“Here’s the thing people need to know: It’s not battle bots.”
John Spanos, industrial tech instructor and coach of the Litchfield High School Robotics Club, laid it out flat. For those who need clarification, robotics doesn’t mean fighting.
Robotics is a chance to further skills in math and science for students interested in creation. The Litchfield robotics club is modeled after For Inspiration and Recognition of Science and Technology, or FIRST. For 25 years, FIRST Robotics has been an international nonprofit organization that encourages the incorporation of STEM — Science, Technology, Engineering and Math — into the lives of students.
Each year, Litchfield robotics participates in at least one competition. Last year, Spanos recounted, after finishing second at regionals in Duluth, the team advanced to St. Louis for the FIRST Worlds Robotics Competition, where Litchfield was one of roughly 6,500 teams from around the world that competed.
“It’s fast and it’s furious,” Spanos said.
This year, Litchfield robotics is working on constructing a robot to fit the theme of “Power Up,” with a nod to video games. The competition kicked off in January, with FIRST announcing the theme of the game. Teams must build robots and operate as alliances to defeat a boss character as if they are stuck in a 64-bit video game. With 27 students signed up on the team and seven mentors to help, Litchfield robotics is hard at work to make the deadline for the Lake Superior Regional competition in March.
“We have six weeks to design, build and test the robot,” Spanos said, “and we can’t touch it again until the competition.”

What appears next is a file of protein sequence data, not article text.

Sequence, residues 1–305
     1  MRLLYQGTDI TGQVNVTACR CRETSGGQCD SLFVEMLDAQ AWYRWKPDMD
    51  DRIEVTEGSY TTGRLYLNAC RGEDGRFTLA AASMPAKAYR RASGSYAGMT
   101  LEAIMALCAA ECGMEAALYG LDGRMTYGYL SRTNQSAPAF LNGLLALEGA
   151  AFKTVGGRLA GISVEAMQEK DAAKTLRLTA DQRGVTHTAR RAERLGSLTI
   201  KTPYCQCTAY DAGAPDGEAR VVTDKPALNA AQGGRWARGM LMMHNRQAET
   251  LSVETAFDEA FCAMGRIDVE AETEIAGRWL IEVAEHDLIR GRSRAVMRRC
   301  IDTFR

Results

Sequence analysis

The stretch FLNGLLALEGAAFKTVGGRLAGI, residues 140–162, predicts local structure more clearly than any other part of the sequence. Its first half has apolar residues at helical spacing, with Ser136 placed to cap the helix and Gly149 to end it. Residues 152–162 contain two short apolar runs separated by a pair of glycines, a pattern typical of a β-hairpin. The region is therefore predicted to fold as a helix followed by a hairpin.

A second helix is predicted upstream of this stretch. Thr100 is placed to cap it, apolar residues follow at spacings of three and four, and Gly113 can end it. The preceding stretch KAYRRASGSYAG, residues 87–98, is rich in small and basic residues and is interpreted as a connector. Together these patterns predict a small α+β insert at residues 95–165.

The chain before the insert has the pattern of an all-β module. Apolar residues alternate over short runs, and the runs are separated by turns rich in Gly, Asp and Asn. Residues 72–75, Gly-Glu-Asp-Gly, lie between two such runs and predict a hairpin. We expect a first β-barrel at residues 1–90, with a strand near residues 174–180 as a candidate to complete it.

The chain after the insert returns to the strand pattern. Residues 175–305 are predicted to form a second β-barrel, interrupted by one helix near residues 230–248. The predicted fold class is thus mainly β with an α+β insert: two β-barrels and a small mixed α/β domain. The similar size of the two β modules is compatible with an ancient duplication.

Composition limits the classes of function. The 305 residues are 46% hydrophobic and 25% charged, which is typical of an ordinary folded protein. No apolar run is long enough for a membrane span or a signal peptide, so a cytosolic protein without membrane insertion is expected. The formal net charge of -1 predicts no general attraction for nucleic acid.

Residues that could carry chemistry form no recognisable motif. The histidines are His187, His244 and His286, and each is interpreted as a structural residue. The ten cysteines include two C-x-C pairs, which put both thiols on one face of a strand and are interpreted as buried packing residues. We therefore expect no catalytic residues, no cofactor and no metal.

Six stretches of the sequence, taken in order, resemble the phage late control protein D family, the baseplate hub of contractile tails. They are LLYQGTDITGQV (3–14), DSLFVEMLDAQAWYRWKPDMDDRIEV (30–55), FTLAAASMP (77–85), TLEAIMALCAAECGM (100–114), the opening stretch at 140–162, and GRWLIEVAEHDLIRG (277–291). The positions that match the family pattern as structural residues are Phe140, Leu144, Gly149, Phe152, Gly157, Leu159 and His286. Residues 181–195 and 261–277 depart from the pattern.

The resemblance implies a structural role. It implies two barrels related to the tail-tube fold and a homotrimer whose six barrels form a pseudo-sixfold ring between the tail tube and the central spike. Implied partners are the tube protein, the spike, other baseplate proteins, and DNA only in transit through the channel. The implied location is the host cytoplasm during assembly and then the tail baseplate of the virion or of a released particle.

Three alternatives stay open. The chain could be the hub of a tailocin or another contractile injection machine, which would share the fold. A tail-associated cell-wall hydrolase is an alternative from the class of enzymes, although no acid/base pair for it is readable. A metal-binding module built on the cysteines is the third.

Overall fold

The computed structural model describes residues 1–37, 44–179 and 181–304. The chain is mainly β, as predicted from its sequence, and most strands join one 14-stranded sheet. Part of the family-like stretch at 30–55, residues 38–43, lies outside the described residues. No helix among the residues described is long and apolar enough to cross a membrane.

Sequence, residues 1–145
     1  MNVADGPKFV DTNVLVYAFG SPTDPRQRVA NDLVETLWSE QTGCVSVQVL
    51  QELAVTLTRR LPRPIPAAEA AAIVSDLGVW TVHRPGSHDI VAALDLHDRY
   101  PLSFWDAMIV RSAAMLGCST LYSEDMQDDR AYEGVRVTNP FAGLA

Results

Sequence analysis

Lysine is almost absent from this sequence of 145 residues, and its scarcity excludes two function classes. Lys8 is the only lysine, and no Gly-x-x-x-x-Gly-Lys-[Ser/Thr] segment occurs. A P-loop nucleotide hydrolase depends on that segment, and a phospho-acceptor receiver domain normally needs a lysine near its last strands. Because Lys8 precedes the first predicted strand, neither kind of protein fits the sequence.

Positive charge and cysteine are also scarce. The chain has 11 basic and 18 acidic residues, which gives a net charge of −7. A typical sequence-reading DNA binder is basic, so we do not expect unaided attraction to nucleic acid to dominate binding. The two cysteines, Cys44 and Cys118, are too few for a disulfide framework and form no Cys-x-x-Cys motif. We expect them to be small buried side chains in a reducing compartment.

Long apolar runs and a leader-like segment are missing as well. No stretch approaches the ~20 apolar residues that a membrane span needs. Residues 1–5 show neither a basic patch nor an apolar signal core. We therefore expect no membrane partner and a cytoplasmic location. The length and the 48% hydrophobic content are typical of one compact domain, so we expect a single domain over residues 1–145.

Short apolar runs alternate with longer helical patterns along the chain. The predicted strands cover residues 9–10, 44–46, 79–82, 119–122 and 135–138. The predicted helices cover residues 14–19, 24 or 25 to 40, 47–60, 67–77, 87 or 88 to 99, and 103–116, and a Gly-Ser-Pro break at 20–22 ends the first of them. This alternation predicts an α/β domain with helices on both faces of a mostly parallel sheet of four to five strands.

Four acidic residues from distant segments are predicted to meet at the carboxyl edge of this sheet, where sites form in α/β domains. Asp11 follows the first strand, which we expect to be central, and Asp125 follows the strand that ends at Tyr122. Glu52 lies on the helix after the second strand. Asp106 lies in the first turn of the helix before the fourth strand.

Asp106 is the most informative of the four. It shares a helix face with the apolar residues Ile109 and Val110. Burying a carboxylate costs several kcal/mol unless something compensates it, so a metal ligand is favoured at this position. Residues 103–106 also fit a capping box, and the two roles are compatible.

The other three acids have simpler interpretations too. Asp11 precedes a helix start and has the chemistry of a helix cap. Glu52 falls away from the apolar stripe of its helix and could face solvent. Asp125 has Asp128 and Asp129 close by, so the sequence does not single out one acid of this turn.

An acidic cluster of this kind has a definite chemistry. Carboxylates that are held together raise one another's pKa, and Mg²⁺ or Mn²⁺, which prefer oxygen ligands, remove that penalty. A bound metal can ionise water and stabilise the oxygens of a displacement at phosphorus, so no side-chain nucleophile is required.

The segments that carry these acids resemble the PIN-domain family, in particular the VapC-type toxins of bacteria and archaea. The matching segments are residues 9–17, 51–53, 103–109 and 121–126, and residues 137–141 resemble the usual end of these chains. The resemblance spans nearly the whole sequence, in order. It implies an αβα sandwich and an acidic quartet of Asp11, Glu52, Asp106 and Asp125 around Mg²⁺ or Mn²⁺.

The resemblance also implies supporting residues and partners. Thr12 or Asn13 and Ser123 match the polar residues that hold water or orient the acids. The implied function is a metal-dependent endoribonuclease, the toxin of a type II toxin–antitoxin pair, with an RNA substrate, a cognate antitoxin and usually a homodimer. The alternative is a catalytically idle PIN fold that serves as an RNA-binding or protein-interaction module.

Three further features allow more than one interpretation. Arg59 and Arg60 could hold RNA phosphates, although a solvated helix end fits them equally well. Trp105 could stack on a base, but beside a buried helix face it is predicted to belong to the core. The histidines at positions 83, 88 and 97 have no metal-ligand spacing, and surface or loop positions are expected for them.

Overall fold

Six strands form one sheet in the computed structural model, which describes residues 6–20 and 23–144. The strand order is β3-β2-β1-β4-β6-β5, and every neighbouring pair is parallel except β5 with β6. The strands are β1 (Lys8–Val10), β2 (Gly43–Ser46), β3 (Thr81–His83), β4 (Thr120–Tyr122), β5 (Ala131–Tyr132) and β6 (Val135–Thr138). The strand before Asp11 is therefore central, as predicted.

The Power Up game involves alliances operating robots that are responsible to move a “glorified milk crate” (power cubes) and maintain weight distribution on a scale against the competing team during the competition. Randomly selected teams will play three-on-three to win, as their robots load power cubes and move them to control switches and a scale. For the first 15 seconds, the robots are autonomous, moving to cross an auto line to get to the switch and the scale. For the remainder of the round, operators can remotely control their robots before ascending their robot from a platform to defeat the final boss.
It’s a trial and error process, with students participating in a number of different fields to get the project completed, including coding, design, construction and more.
Fourteen ninth-graders have joined the team, which Spanos sees as a great sign. Something else exciting that Spanos has noticed in the robotics club this year is that the number of female members has increased from previous years.
“We have eight or nine girls this year,” Spanos said. “It’s been a goal to get some of the younger gals in to promote math and science.”